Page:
Barn owl for the soul

Feeling the January Blues? Got a cold? Pay day still too far away? What you need, what everyone needs is a Barn Owl. The sight of a wild Barn Owl hunting is a wonderful pick me up. It makes the soul soar and the heart race and you can't help but smile broadly at the privilege of seeing this silent hunter go about his day. We went out into a snowy landscape yesterday, determind to see a Barny. We searched all our usual favourite spots and eventually struck gold when we saw not one but two owls in beautiful low late afternoon sunlight hunting the moor. They were quite far away and we couldn't get any closer but we watched them flying in and out of the barn and hunting for about 30 minutes and took a few hopeful shots. On the way home we saw a third owl also out and making the most of some NON rainy weather to stock up on voles. Hope you enjoy these snaps

Kestrels nesting on building

For a small and hopeful moment we were hoping we had a pair of peregrines nesting on the school where I work; but having stood watching patiently this evening I managed to fire off a few snaps in not very great light, of a kestrel. Still, it seems there are young and so I will keep my eyes on them and try and get more snaps as they get to fledging time. It would be great to get shots of the newly fledged kes young lined up on the ledge beneath the gargoyle.

Sparrowhawk or Goshawk

Saw this bird sweep in across the river Hodder and dive to grab a rook (in a group, all standing, in an open field) All the rooks flew up with a big racket and chased the predator who flew into a lone tree in the field) We watched from the rear patio of the Inn at Whitewell, Forest of Bowland.
Easily spotted bird in the tree and one of the photos is not even cropped. We think it is a goshawk (could be female sparrowhawk BUT really try and look at the feet and the big pantaloons- spoken like a real birder there)
C'mon Goshawk in Whitewell valley? Totally possibly. Would a female sphk swoop out of a woodland across a river and open field on chance of nabbing one rook out of a sitting flock? Unless she had young (too early) this seems a bit of a gamble doncha think?
Sorry pics are not great but comments welcome.

The elusive wren building a nest

Caught this little chap frantically redecorating a hole in a tree with lichen and moss, ready for a new family later this spring.

Wren's we have found are difficult difficult lemon difficult to photograph as they flit so quickly and unexpectedly around the leaf litter and twigs.

Barn Owls again

In a rush to get some fresh air this evening before the dark and promised rain arrived. Not really expecting to see a barn owl when of course.. we saw a beautiful bird hunting in the orchard area on the old familiar spot of "Barn Owl Hill"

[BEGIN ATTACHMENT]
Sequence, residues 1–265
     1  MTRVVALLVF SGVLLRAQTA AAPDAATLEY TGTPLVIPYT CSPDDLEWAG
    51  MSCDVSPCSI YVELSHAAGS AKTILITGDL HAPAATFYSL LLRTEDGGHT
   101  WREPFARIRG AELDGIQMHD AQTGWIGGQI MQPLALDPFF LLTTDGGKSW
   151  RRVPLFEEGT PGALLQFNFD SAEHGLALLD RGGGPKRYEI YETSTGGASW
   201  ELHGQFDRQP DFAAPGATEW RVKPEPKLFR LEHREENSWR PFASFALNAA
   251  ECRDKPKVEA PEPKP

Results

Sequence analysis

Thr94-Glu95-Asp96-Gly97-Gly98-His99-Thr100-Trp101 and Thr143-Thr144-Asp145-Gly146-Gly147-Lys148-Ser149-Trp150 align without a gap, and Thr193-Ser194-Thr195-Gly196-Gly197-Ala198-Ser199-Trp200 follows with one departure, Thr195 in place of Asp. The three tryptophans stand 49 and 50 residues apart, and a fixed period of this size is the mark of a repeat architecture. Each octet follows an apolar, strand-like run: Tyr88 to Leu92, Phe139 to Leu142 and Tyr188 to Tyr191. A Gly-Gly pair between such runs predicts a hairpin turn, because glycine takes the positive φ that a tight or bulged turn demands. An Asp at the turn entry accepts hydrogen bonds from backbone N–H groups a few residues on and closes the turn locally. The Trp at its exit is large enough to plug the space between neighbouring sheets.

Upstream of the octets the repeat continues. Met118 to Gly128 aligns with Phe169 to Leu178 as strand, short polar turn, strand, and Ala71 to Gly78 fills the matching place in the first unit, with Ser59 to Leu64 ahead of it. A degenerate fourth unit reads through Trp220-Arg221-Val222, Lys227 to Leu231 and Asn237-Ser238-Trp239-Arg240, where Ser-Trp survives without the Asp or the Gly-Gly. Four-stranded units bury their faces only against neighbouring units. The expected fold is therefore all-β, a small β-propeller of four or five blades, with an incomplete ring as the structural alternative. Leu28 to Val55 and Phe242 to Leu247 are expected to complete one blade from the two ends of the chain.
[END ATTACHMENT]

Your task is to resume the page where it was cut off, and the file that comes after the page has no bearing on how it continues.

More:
It landed on a post and quietly posed for us as we peered over the wall. So heart soaring again this evening. Can assure you a barn owl a day keeps the blues away!

Tree Creeper and Hares

After a hellish week in bed with flu followed by a mad rush to get some work done before going to Brussels for a course it was great to get a gorgeous sunny day at Leighton Moss yesterday. All eerily quiet in that strange way before the full on energy of spring. We did see a bittern though and a stoat and lots of hares on the way there.
Probably best shots were of the smaller birds in woody area near Lilians. Tree creepers living up to their names everywhere.

Barn Owl Hill expands

So it is a year since we named a local spot Barn Owl Hill. Since then we have watched as two barns held nursing adults with young and then they fledged and now we wonder just how many are in the area.

How large an area will a single barn owl hunt? We've seen quite a few since January, 1st. Today we had to abandon the car because of snow and hike up B.O. hill then later, on our way back from Inn at Whitewell, we spied a beautiful Barn Owl hunting and slammed into a snowy bank.

Watched her/him hunt for a long while and as light failed managed to get a few shots off.

Pants shoots a hare whilst I shoot Pants!!

What a fab day. Worried a bit about taking Sunday off in lieu of Monday (have to work Monday this week) Sunday is full of other people (mine and Jean-Paul Sartre's hell!!)
Fortunately, lots of snow yesterday and fog this morning meant it was quiet and impassable over barn owl hill. We skidded the car into a snowy bank and set off on foot. It looked awesome up there (we could still see the fog in valleys though) Stopped again nearer to Whitewell and Pants went up above the lime kiln whilst I photographed his figure disappearing and then reemerging. As he cam into sight a hare sprang up in front of him and I got funny pics of him gearing up to snap the hare...
Gorgeous day.

The ever popular Barn Owl

Gorgeous views of a barn owl hunting in the afternoon. It was a beautiful day (snow covered Inglebrough, Pen-y-gent and lush golden sunlight.

Barn owl came out of a barn and we followed it hunting over moorland. Tragically took snaps into the light. Playing about practising with shutter speeds and aperture etc lead to some over exposed shots :-(
Oh well, it is all a learning experience. I kind of like the pictures anyway- even though they are photographically speaking sub-standard.

Bittern by the punning bug

AGH! We love Leighton Moss we seriously do- but my oh my the need to pun is relentless. That said .... It is very hard not to when you're dealing with otters and bitterns. Yesterday was absolutely stunning, frosty, crisp with blue skies and gorgeous sunlight. Unfortunately it was also packed at Leighton Moss. Of course that is great for RSPB and for the many many people enjoying the fantastic sights of our fave reserve but selfishly it was also a bit of a squeeze and the noise levels get out of control. We had some good views of bitterns and harrier and a fleeting view of the otters but left early (about 2.15) :-( Saw the barn owl on Barn Owl hill the other evening - stunning views of him/her hunting in the pinky gold of the setting sun. Too far for pictures of any quality but great to see.